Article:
Dad sleeping on the couch. Mom slaving in the kitchen. This was the Thanksgiving of my childhood. So when my mom worked up the nerve to announce that she thought we should go out for dinner, I applauded her. After decades of spiraling out of control while preparing for holidays, the woman had earned the right to actually enjoy one. Besides, having moved away from New Jersey years ago, I felt I’d forfeited the right to complain. Although my oldest brother lived close to home, neither he nor his wife liked to cook. Still, my younger brother, who’d also moved away, had his doubts. His three kids didn’t go to restaurants under normal circumstances, much less for one of the most important meals of the year.
In actuality, this had all come about because of the grandchildren. Once they arrived on the scene, my family wanted to resume the tradition of attending the Macy’s Day Parade in New York City. But of course, a quandary resulted: How would the meal get cooked? My mother called in the experts. Boston Market catered and we added a couple of homemade items to the Thanksgiving menu. Reheating would be a snap, mom reasoned. But instead of the smell of turkey and mashed potatoes in the air, a horrible odor came from the oven. In all the confusion, my mom had neglected to realize she’d put the covers under the metal containers and plastic melted all over her oven.
Last year, when the weather report called for rain Thanksgiving morning, I figured our day was destined to be a bomb. But when I woke at dawn, the sky was clear. We arrived at the hill across from the Tavern on the Green shortly after seven and got comfortable. We had two hours to wait. My mother had come equipped with coffee and donuts. As I watched her offer breakfast to all our neighbors on the parade route, I thought, this is what Thanksgiving is all about, befriending your fellow man. As my brother pointed out, my mother was probably the only woman to ever give away anything in NYC. Unfortunately, the love didn’t last long. As the parade was about to begin, a man and his two daughters tried to squeeze in next to us. Appalled, my mom quickly sprawled across the ground, grabbing blankets and children to occupy as much real estate as possible. With a high pitch, “Kids, move!” she attempted to cover the ground like a human blanket, running this poor family, probably from Connecticut, out of the area.
“Maybe it was their first parade,” my brother speculated as he helped our mother to her feet. Or maybe this father didn’t know you had to arrive hours early armed with free coffee and deep-fried, fat-filled treats to win over the crowd.
Whatever the case, the man never expected to run into my mother.
Luckily, oversized balloons, marching bands, and celebrity songs allowed the magic to return. My oldest daughter, who’d been lucky enough to join the Care Bears float on our last trip, was thrilled to see the new Buzz Lightyear balloon. And of course, Santa’s float made my youngest squeal with excitement.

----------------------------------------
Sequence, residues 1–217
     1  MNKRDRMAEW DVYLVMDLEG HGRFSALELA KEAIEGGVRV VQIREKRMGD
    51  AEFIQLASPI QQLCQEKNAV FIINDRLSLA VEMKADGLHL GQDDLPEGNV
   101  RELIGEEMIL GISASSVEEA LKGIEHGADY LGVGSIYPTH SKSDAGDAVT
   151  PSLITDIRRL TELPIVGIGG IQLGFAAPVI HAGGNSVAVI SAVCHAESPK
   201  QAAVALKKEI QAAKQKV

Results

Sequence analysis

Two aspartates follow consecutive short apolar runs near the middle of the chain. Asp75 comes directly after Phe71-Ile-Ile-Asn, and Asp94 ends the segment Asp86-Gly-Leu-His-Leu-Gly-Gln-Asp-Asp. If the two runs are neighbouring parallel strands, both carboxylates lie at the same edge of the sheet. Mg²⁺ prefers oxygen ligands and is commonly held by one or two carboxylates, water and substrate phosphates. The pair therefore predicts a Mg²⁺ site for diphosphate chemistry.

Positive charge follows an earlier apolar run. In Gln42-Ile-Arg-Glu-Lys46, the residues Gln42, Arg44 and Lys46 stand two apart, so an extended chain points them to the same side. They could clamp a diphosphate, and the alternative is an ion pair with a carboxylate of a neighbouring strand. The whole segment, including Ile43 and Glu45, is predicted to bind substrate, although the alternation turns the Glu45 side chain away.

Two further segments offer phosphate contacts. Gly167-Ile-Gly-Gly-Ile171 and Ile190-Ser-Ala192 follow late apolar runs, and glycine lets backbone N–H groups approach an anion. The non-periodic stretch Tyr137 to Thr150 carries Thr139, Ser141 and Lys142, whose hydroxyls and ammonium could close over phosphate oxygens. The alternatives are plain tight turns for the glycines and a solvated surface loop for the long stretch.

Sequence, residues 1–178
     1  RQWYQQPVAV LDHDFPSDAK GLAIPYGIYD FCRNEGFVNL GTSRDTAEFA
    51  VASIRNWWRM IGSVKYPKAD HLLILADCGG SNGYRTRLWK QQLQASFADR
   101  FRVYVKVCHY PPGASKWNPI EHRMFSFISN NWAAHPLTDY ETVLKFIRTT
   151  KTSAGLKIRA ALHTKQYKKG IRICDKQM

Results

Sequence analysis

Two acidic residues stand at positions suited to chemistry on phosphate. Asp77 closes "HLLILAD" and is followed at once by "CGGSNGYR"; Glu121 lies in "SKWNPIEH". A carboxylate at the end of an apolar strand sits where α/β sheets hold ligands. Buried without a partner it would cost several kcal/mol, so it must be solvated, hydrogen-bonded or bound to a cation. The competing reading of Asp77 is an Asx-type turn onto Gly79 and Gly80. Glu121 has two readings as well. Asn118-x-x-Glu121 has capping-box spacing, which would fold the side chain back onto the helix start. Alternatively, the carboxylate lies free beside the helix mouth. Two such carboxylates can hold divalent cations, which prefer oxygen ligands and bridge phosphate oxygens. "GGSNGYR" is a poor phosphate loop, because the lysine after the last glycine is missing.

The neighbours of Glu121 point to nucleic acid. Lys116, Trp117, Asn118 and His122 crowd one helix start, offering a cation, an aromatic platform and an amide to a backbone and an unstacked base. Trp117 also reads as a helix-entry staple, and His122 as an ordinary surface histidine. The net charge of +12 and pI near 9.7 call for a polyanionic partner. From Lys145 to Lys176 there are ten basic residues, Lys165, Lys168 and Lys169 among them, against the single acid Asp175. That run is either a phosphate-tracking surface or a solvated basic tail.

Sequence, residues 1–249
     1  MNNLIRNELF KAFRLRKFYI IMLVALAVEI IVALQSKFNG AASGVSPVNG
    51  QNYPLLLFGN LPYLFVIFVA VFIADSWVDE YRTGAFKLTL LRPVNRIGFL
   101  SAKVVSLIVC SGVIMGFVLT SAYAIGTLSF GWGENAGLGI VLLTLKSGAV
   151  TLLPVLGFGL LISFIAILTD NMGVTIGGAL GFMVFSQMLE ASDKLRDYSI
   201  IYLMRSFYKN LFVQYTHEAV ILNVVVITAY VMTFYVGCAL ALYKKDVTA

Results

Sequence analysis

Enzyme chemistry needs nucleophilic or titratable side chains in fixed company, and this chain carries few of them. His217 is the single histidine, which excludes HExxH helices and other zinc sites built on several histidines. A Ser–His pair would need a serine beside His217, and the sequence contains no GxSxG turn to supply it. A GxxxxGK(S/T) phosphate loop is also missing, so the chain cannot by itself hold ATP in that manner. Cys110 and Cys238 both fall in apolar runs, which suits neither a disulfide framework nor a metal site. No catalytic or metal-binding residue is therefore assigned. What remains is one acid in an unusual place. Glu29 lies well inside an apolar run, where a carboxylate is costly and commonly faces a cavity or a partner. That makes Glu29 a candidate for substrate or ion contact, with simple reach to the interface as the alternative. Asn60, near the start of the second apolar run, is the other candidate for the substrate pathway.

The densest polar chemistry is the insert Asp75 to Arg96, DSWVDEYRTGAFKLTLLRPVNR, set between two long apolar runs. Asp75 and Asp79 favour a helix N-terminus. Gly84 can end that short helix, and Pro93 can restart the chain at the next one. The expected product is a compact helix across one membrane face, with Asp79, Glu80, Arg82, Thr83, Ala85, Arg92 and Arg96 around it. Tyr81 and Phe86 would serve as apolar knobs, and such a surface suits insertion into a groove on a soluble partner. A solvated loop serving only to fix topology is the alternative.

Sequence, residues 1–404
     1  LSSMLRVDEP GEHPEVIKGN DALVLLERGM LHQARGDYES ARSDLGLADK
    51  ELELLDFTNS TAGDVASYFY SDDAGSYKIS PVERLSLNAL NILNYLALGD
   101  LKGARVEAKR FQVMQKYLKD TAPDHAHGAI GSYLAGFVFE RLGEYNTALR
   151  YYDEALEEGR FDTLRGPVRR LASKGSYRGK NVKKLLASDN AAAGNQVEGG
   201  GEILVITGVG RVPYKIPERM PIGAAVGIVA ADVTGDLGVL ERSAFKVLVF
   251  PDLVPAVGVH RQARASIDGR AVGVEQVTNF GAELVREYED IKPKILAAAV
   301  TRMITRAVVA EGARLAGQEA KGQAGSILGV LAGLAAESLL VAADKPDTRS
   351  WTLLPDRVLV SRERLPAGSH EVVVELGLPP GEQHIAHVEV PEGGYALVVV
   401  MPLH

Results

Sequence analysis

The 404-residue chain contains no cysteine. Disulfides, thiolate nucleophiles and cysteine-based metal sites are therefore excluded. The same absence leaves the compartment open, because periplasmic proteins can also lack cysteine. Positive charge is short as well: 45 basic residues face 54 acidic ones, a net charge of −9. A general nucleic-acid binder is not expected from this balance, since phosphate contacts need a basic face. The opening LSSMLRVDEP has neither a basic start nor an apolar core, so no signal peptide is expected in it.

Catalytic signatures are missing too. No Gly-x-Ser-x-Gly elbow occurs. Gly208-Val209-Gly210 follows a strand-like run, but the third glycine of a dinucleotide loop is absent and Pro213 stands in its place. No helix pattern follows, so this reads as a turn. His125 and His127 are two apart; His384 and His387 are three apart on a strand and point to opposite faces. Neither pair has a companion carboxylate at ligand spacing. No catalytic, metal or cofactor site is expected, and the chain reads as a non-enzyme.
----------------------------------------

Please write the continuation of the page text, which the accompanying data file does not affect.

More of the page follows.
By the time the parade was over, my 3-year-old took Grammy’s hand in hers.
“This was the bestest Thanksgiving,” she said. And we hadn’t even eaten yet.
Since my mother wasn’t consumed with preparing the meal, she made pomegranate martinis while we dressed for dinner. Then, my oldest daughter orchestrated a Thanksgiving performance with her cousins. By the time they finished, my otherwise formal mother was in such a festive mood she told my daughter she could wear her Pocahontas costume to the restaurant. This, coming from the woman who had to be told by my kindergarten teacher to stop dressing me in patent leather shoes so I could play with the other kids during recess, was quite a statement. As I looked at my radiant mom in her orange sweater and autumn colored scarf, no grimy apron in sight, I wanted to scream, Who are you? And what have you done with my mother?
Then, as if to reinforce the Jersey stereotype, we headed to the restaurant – just down the highway from the Bada Bing, the gentleman’s club Tony Soprano made famous.
“Sometimes truth is stranger than fiction,” I reminded my southern sister-in-law.
The parade was phenomenal, but the little ones had become tired and hungry. I could see the tension in my brother’s face as the kids grabbed seats together. Before anyone could reprimand them for poor mealtime behavior,
However, Grammy passed out treats from her bag of tricks. Wooden tic-tac-toe sets, turkey sticker sheets, and hidden picture pages entertained the kids while the adults made more noise at the other end of the table. Before we left, the manager of the restaurant approached our table.
We waited for the worst. “I just have to say how well your children are behaving.”
I’ve been in the restaurant business a long time and I’ve never seen kids as well behaved as them.” My mother just smiled and enjoyed the last swig of her martini.
While my younger brother had quietly protested by ordering steak, even he agreed this was a Thanksgiving to remember – one we will not only try to repeat but also laugh about for years to come. In the end, it didn’t matter who cooked the meal or where it was served.
What mattered was that we were all together, making memories. Because, when it comes down to it, family, not turkey, is what Thanksgiving is all about.